The strength of the characters is part of what drives the show, too. Finn and Jake are a perfect incarnation of the relationship that a boy would imagine having with his dog – Jake is not only a partner in crime-fighting, but also a kind of teacher and guide for Finn. Some characters are outright funny, like Gunter or Starchy, but most have a well-developed backstory and a depth of character that make them instantly recognizable and very easy to love – Tree Trunks, Lumpy Space Princess and, the best of all, BMO. And yet, despite the panoply of fantastic characters, still the creators can create an episode consistently voted the best, with no dialogue in which Jake and Finn only appear for about three seconds and the rest of the time is given to two new characters, a Snow Golem and a Fire Wolf cub.

And that does not even take into account things like gender themes in the cartoon. Although Jake and Finn save Princess Bubblegum repeatedly she is pretty badass herself, a scientific genius who created her own kingdom and is continually unfazed by Ice King’s repeated attempts to steal her. Or Lumpy Space Princess who, with her rotund figure and male voice, certainly does not fulfil the conventional princess stereotypes. Or Marceline the Vampire Queen whose backstory reveals a deeply sad life that has stretched over 1,000 years. Her story contains real moments of beauty and sadness – like Marceline the lost child in the depth of the cataclysmic Mushroom War being given a teddy bear, Hambo, by the man who would later become the evil Ice King. Beneath the bright colours of this distinct and unique world is a persistent darkness.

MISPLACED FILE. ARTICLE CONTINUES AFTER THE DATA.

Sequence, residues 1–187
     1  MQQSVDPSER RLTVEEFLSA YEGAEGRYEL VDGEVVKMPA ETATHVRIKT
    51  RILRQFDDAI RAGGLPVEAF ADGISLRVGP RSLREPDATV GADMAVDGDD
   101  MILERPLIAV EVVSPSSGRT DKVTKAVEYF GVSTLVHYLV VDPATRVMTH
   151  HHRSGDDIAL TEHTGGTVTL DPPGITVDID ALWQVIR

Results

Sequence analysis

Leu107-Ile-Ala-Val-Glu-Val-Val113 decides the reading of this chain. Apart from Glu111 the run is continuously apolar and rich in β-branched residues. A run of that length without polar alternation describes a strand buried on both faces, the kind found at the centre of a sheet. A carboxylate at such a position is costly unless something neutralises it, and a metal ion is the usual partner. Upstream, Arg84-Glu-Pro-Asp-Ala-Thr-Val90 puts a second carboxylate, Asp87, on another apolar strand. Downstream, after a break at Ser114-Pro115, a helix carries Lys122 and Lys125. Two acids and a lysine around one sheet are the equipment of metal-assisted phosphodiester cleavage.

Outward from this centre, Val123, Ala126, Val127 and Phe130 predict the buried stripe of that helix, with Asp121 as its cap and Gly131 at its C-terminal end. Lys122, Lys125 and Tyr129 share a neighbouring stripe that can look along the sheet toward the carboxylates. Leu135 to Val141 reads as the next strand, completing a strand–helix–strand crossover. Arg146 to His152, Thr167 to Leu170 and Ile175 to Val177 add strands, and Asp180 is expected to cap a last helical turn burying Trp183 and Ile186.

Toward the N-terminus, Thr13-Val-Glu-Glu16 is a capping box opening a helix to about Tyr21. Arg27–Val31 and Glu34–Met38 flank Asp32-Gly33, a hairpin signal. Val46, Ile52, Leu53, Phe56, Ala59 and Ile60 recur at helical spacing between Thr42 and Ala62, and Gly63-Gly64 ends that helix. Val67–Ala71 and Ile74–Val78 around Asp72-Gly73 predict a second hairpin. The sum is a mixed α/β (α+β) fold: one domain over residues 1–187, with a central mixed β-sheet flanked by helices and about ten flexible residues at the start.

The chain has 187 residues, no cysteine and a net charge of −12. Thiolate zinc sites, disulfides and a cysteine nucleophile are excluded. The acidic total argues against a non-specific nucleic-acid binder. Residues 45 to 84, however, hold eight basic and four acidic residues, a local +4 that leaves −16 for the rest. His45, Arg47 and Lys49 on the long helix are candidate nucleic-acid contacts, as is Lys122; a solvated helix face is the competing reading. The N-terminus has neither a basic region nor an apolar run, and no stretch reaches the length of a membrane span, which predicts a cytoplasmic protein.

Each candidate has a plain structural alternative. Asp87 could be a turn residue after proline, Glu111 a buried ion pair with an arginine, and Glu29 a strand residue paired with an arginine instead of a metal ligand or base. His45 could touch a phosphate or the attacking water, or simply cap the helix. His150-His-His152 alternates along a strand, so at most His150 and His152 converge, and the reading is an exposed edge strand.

These character stories are only ever partially revealed, and they show off the programme’s acute sense of continuity, even if it passes by the average viewer who may watch episodes in the fragmented and disordered way in which Cartoon Network broadcasts them. But that does not matter, because each episode (only ten minutes long) stands extremely well on its own terms.

Adventure Time may seem a little weird, but it’s weird in the way that people say Radiohead is depressing or Bruce Forsyth is a national treasure in that it’s not if you actually think about it. It may seem like it’s for children, and it is. But whereas adults who don’t read children’s books tend to be pretty boring people, children’s authors are usually the most interesting (Judith Kerr, Philip Pullman, Maurice Sendak, Michael Rosen). The preponderance of fart jokes may seem juvenile, and it is. But Stewart Lee explains far less eloquently than I ever could why that is the case.

where-the-wild-things-are-2Sainsbury’s are using Greg Lake’s I Believe In Father Christmas for their seasonal advertising campaign. The radio plays an endless, hellish loop of Christmas songs by Michael Bublé, singing with the voice of a bee drowning in its own honey, making money from songs that other people have written, all from that hateful Christmas CD – the one with a picture of Bublé on the front wafting a fart with a Christmas present. These occurrences in nature unavoidably provoke irritation into the hearts of the gentlest Christmas souls. But it can be tamed by engaging with the most original and creative force on TV – the endlessly astonishing, moving and peerless Adventure Time.